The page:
William L. Shirer

William L. Shirer

William Shirer was originally a foreign correspondent for the Chicago Tribune and was the first journalist hired by Edward R. Murrow for what would become a team of journalists for CBS radio. Shirer distinguished himself and quickly became known for his broadcasts from Berlin, accounting the rise of the Nazi dictatorship through the first year of World War II. Shirer was the first of "Edward R. Murrow's Boys"--broadcast journalists--who provided news coverage during World War II and afterward. It was Shirer who broadcast the first uncensored eyewitness account of the annexation of Austria. Shirer is best known for his books The Rise and Fall of the Third Reich, which has seen millions of copies in print and is considered a seminal work on the Nazi party and the war, as well as his book Berlin Diary.

Featured Books By Author

The Rise and Fall of Adolf Hitler

American journalist and author William L. Shirer was a correspondent for six years in Nazi Germany-and had a front-row seat for Hitler's rise to power. His most definitive work on the subject, The Rise and Fall of the Third Reich, is a riveting account defined by first-person experience interviewing Hitler, watching his impassioned speeches, and living in a country transformed by war and dictatorship.

William Shirer was originally commissioned to write The Rise and Fall of Adolf Hitler for a young adult audience. This account loses none of the immediacy of The Rise and Fall of the Third Reich-capturing Hitler's rise from obscurity, the horror of Nazi Germany's mass killings, and the paranoia and insanity that marked Hitler's downfall. This book is by no means simplified-and is sure to appeal to adults as well as young people with an interest in World War II history.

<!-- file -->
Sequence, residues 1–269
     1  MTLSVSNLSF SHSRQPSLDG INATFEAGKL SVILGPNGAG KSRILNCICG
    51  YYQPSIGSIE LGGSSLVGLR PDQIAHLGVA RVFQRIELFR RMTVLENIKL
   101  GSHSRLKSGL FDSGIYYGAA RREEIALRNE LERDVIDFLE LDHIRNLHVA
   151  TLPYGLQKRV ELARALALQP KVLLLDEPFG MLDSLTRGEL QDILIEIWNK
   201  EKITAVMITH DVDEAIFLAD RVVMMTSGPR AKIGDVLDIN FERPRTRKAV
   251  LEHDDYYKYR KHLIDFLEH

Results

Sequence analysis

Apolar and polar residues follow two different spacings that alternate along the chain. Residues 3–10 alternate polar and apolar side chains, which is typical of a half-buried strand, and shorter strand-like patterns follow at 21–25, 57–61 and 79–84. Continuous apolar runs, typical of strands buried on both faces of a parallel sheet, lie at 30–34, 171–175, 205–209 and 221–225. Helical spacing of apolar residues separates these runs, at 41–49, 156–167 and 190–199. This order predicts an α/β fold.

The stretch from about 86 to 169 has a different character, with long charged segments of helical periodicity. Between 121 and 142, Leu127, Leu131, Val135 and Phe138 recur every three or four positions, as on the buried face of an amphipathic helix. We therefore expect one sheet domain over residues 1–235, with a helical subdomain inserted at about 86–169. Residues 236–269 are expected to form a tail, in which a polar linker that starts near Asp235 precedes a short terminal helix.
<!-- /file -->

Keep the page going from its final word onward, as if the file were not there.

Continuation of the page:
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The Nightmare Years, 1930-1940

Journalist and author William Shirer was a witness to many of the pivotal events leading up to World War II. In the second of a three-volume series, Shirer tells the story of his own eventful life, detailing the most notable events of his career as a journalist stationed in Germany during the rise of the Third Reich. Shirer was there while Hitler celebrated his new domination of Germany, unleashed the Blitzkrieg on Poland, and began the world conflict that would come to be known as World War II. This remarkable account tells the story of an American reporter caught in a maelstrom of war and conflict, desperately trying to warn Europe and the US about the dangers to come.

This memoir gives readers a chance to relive one of the most turbulent periods in 20th century history-painting a stunningly intimate portrait of a dangerous decade.

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End of a Berlin Diary

"A vivid and unforgettable word picture of the destruction of Nazi Germany." —New York Times
A radio broadcaster and journalist for Edward R. Murrow at CBS, William Shirer was new to the world of broadcast journalism when he began keeping a diary while on assignment in Europe during the 1930s. It was in 1940, when he was still a virtual unknown, that Shirer wondered whether his eyewitness account of the collapse of the world around Nazi Germany could be of any interest or value as a book.
Shirer’s Berlin Diary, which is considered the first full record of what was happening in Germany during the rise of the Third Reich, appeared in 1941. The book was an instant success—and would not be the last of his expert observations on Europe.
Shirer returned to the European front in 1944 to cover the end of the war. As the smoke cleared, Shirer—who watched the birth of a monster that threatened to engulf the world—now stood witness to the death of the Third Reich. End of a Berlin Diary chronicles this year-long study of Germany after Hitler. Through a combination of Shirer’s lucid, honest reporting, along with passages on the Nuremberg trials, copies of captured Nazi documents, and an eyewitness account of Hitler’s last days, Shirer provides insight into the unrest, the weariness, and the tentative steps world leaders took towards peace.

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William L. Shirer